Uriah Heep – “Easy Livin’”
Songwriter: Ken Hensley
Genre: Hard rock
Hot 100: #39 on September 23
English singer-songwriter and multi-instrumentalist Ken Hensley, lead singer of hard rock group Uriah Heep, composed “Easy Livin’” after the band shared a taxi ride from a long day at the studio. The band members joked about how the public saw musicians as living an easy life of showing up, playing music, and making loads of money. Hensley finished writing the intentionally ironic song in just 15 minutes at the piano when he got home. The Heep released 24 studio albums with guitarist Mick Box as the only original member to appear on all of them. Still recording, their 25th album, Chaos & Colour, is set for a January 2023 release.
Emerson, Lake & Palmer – “From the Beginning”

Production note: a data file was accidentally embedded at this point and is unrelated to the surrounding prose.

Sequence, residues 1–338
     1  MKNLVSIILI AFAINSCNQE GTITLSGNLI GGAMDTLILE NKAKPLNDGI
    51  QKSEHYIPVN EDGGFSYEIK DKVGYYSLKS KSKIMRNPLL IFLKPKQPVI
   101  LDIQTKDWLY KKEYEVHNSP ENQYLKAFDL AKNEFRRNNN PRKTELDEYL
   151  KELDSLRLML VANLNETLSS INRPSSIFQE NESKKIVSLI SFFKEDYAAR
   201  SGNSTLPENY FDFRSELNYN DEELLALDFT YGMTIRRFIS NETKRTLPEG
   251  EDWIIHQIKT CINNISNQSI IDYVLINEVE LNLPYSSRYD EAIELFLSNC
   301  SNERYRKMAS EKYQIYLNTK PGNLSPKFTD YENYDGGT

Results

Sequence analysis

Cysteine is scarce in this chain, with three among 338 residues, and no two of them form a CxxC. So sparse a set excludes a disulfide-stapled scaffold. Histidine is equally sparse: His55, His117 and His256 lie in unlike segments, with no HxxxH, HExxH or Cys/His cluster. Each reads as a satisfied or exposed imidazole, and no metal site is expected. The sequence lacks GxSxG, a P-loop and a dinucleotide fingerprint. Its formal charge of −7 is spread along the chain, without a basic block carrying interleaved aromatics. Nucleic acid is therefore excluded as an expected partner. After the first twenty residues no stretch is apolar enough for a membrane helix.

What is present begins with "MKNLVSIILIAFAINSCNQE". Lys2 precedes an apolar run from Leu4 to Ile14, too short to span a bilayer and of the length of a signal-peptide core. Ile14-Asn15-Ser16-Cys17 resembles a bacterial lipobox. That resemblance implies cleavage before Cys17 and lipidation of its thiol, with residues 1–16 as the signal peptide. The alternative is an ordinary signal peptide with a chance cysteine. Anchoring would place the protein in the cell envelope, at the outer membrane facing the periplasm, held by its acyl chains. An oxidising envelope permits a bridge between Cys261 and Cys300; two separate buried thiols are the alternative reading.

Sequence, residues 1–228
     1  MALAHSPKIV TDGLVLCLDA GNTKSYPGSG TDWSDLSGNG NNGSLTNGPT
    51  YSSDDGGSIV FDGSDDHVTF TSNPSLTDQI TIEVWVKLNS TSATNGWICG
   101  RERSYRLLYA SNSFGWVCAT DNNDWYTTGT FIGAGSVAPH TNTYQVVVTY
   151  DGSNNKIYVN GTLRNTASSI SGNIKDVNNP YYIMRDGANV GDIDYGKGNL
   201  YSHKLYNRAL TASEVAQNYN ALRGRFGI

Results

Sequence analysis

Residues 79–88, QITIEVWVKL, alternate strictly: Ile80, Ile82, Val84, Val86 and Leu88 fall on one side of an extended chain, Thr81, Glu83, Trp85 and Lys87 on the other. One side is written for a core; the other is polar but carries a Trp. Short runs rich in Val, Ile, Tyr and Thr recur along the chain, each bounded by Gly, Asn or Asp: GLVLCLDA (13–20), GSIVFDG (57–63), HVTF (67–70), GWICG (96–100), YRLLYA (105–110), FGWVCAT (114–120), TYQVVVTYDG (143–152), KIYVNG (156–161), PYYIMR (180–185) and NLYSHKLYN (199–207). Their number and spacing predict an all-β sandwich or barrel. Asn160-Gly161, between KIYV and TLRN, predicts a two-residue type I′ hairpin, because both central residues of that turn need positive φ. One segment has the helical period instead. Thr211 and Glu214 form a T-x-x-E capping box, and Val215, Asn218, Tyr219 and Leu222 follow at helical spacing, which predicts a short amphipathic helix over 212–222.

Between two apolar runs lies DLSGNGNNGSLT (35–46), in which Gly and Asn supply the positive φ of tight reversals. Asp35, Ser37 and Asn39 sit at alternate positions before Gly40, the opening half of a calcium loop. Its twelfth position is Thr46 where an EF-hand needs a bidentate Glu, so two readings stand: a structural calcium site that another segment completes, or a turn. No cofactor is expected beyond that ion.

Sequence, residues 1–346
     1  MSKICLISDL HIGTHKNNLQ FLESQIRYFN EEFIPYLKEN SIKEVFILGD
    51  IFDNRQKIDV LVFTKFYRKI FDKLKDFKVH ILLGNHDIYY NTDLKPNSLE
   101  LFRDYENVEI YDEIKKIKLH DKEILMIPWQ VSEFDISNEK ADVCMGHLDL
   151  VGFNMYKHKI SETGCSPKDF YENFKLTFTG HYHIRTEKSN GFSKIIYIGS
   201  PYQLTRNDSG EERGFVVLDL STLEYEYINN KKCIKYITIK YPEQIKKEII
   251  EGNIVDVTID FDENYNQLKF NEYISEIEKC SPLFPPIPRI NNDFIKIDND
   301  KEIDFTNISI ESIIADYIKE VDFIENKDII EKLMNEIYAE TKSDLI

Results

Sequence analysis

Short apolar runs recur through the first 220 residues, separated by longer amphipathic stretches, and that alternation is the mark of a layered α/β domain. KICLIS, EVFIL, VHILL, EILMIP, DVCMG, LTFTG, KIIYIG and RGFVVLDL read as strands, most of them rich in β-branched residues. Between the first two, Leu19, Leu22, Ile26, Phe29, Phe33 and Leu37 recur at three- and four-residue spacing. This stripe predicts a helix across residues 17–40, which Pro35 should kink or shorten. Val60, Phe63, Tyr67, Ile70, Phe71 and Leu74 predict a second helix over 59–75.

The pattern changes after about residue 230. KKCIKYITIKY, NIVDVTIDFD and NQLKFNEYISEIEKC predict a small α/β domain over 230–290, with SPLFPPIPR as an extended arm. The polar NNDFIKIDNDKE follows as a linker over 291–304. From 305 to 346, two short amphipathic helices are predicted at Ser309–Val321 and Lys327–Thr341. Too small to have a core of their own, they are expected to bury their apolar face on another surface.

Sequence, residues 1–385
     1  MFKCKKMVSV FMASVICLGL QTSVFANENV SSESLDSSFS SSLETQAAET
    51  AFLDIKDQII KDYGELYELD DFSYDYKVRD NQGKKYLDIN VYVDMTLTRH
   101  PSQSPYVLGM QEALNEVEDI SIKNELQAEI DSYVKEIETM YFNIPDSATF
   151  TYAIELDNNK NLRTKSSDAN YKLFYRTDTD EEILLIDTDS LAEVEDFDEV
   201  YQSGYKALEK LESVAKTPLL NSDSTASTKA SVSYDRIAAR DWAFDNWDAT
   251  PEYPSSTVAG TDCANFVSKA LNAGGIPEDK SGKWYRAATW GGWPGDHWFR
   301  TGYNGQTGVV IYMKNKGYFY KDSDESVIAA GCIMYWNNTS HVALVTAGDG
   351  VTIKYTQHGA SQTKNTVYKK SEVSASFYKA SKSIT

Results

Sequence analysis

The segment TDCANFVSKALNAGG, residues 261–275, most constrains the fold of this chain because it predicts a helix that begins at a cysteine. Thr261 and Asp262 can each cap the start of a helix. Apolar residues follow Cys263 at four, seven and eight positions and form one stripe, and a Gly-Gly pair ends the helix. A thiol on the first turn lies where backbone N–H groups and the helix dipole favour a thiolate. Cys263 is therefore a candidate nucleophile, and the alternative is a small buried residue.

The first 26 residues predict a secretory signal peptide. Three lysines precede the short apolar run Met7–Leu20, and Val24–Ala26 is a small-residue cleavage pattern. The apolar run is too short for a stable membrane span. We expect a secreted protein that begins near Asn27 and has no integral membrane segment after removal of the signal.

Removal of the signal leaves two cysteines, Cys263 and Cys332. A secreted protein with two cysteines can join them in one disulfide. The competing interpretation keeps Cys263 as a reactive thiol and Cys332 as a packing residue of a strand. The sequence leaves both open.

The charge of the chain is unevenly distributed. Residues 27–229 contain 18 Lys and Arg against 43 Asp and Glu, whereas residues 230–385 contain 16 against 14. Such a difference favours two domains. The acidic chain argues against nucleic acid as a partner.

Songwriter: Greg Lake
Genre: Progressive rock
Hot 100: #39 on October 28
Emerson, Lake & Palmer were a progressive rock supergroup comprised of keyboardist Keith Emerson (The Nice), singer/bassist Greg Lake (King Crimson) and drummer Carl Palmer (Atomic Rooster). Many people consider ELP to be the most bombastic and pretentious of the early ‘70s prog-rockers. Despite their tendency for excess, they also wrote lovely ballads like “From The Beginning,” which starts simply with Lake’s acoustic strumming and Palmer’s congas. It’s capped off with a cool synth solo from keyboard wizard Emerson.
The charts can be endlessly sliced and diced, but there is something special about an artist’s only Top 40 hit. Sometimes they come out of nowhere, and sometimes we’re surprised that artists with very successful careers only cracked the Top 40 once. 50 years ago, it’s interesting to note how diverse our taste for one-hitters was.
Keep coming back, as 360°Sound continues to spotlight these career-defining accomplishments.